On appeal, Midgette made three arguments: (1) North Carolina's probation statute violates the Fourth Amendment because it allows warrantless searches without individualized suspicion, (2) the probation officer lacked reasonable suspicion to conduct the search, and (3) that the searches by police officers, rather than probation officers, violated North Carolina law. The Fourth Circuit rejected all those arguments. As to the first two, the court agreed with the Government that Midgette had waived those arguments by failing to present them in the objections to the magistrate judge's recommendations. Specific objections are required to preserve issues in such situations. Regardless, the court went on to note in dicta that those two arguments were not persuasive at any rate, relying on Griffin v. Wisconsin, 483 U.S. 868 (1987), and US v. Knights, 534 U.S. 112 (2001). As to Midgette's third argument, the court held that the searches were conducted in accordance with North Carolina law because they were instigated and directed by the probation officer, even though the police officers did the actual searching.

Monday, February 26, 2007

Trial on 924(c) Charge Doesn't Preclude Acceptance on Related Drug Counts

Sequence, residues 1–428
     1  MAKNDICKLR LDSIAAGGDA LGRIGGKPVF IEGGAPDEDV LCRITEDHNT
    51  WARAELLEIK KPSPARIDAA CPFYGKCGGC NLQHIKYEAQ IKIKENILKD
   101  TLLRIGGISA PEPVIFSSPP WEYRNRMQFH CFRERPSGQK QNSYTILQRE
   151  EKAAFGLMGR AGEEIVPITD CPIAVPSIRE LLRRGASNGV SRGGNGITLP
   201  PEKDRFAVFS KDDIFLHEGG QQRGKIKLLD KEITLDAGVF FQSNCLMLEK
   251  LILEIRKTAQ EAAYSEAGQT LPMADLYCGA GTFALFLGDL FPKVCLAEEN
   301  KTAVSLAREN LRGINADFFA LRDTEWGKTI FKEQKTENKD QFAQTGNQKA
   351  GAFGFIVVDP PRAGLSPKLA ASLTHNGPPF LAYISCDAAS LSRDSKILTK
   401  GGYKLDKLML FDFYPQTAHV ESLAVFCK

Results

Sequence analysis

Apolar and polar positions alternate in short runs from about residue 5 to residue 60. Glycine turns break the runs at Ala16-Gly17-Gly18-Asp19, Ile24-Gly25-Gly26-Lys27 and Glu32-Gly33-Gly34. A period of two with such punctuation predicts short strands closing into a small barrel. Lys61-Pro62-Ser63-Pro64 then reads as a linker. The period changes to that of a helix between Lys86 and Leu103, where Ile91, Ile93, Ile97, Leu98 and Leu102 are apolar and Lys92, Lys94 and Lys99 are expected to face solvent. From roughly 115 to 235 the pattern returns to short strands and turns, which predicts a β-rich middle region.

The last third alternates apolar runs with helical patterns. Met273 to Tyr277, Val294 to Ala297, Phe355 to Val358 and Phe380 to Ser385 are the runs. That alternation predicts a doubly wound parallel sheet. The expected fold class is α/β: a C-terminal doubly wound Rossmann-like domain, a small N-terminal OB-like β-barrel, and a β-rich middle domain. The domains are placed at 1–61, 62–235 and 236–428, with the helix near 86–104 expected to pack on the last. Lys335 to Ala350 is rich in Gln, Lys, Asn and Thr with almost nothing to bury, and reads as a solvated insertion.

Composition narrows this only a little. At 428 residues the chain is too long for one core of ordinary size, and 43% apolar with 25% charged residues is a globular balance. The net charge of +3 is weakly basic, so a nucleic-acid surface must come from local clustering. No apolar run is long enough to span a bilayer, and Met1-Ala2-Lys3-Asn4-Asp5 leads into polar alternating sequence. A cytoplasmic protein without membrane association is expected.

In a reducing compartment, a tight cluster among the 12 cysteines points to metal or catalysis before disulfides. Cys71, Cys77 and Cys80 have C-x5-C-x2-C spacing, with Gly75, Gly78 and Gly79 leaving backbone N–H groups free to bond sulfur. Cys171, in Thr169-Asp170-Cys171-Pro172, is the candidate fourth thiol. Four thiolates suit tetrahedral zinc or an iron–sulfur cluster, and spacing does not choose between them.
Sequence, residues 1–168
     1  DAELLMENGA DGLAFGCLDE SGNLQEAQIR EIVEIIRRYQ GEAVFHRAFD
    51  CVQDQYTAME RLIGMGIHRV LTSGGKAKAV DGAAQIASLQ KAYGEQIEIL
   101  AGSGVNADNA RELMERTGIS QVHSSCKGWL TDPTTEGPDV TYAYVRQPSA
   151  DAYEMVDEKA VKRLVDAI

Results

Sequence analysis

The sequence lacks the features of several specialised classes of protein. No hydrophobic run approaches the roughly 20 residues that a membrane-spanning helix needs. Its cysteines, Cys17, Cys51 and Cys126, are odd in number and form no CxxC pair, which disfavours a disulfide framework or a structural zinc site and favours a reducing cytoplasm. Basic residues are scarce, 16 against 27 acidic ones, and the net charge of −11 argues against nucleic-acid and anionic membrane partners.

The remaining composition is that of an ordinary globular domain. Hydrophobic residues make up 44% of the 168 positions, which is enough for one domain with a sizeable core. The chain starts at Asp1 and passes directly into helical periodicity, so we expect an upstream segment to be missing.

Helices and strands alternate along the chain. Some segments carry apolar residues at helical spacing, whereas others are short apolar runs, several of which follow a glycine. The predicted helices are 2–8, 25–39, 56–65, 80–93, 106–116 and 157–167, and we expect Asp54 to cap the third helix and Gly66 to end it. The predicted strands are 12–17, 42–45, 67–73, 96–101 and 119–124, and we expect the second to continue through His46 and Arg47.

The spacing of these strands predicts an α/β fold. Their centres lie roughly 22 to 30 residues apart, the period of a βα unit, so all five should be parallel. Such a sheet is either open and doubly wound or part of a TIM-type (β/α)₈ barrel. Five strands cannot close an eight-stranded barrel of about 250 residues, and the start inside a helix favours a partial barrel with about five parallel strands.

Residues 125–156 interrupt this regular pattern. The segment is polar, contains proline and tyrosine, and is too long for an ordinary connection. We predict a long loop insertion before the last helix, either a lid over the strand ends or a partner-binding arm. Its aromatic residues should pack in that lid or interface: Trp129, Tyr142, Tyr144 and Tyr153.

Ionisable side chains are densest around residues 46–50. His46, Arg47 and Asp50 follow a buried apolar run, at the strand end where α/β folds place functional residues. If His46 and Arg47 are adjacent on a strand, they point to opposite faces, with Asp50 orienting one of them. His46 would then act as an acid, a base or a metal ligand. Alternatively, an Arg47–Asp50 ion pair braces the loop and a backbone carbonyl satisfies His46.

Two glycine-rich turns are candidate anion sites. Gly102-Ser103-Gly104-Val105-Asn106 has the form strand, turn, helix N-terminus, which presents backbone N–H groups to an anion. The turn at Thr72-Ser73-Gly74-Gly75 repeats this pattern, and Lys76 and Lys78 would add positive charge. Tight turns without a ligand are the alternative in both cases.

US v. Hargrove: Hargrove was charged with multiple drug counts and a 924(c) charge. He pleaded guilty to the drug counts and went to trial on the 924(c) charge, for which he was also convicted. At sentencing, Hargrove was denied credit for acceptance of responsibility on the drug counts because he went to trial on the 924(c) charge. The district court concluded that it lacked the authority to give Hargrove credit for acceptance because of the 924(c) trial.

On appeal, the Fourth Circuit reversed, narrowly, 2-1. The court first concluded that the "offense of conviction" to which the acceptance reduction would apply was the grouped drug counts, not the 924(c) charge (which, of course, exists outside the Guidelines anyway). Therefore, the district court had the legal ability to award Hargrove acceptance of responsibility because of his guilty pleas on the drug counts. However, the court went out of its way to make clear that Hargrove was not necessarily entitled to the reduction, only that the district court had the power to award it. The message seems clear - the district court has the legal authority, but it probably shouldn't exercise it on remand. Judge Wilkins dissented, arguing that denying the facts of any charged offense, regardless of grouping, precludes a defendant from receiving credit for acceptance of responsibility.

Tuesday, February 20, 2007

"When the mother's talk . . ." Miranda Doesn't Apply